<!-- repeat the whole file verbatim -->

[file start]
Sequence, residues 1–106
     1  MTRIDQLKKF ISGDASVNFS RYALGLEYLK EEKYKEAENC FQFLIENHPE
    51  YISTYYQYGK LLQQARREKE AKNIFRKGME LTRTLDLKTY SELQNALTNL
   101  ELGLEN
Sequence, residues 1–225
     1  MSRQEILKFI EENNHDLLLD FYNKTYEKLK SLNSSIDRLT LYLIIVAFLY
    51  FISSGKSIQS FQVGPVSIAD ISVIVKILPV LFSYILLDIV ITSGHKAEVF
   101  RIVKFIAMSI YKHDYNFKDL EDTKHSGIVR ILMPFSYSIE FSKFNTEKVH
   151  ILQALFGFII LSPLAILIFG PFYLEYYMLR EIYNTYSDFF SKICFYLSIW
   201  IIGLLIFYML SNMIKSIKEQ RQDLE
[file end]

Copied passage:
Sequence, residues 1–106
     1  MTRIDQLKKF ISGDASVNFS RYALGLEYLK EEKYKEAENC FQFLIENHPE
    51  YISTYYQYGK LLQQARREKE AKNIFRKGME LTRTLDLKTY SELQNALTNL
   101  ELGLEN
Sequence, residues 1–225
     1  MSRQEILKFI EENNHDLLLD FYNKTYEKLK SLNSSIDRLT LYLIIVAFLY
    51  FISSGKSIQS FQVGPVSIAD ISVIVKILPV LFSYILLDIV ITSGHKAEVF
   101  RIVKFIAMSI YKHDYNFKDL EDTKHSGIVR ILMPFSYSIE FSKFNTEKVH
   151  ILQALFGFII LSPLAILIFG PFYLEYYMLR EIYNTYSDFF SKICFYLSIW
   201  IIGLLIFYML SNMIKSIKEQ RQDLE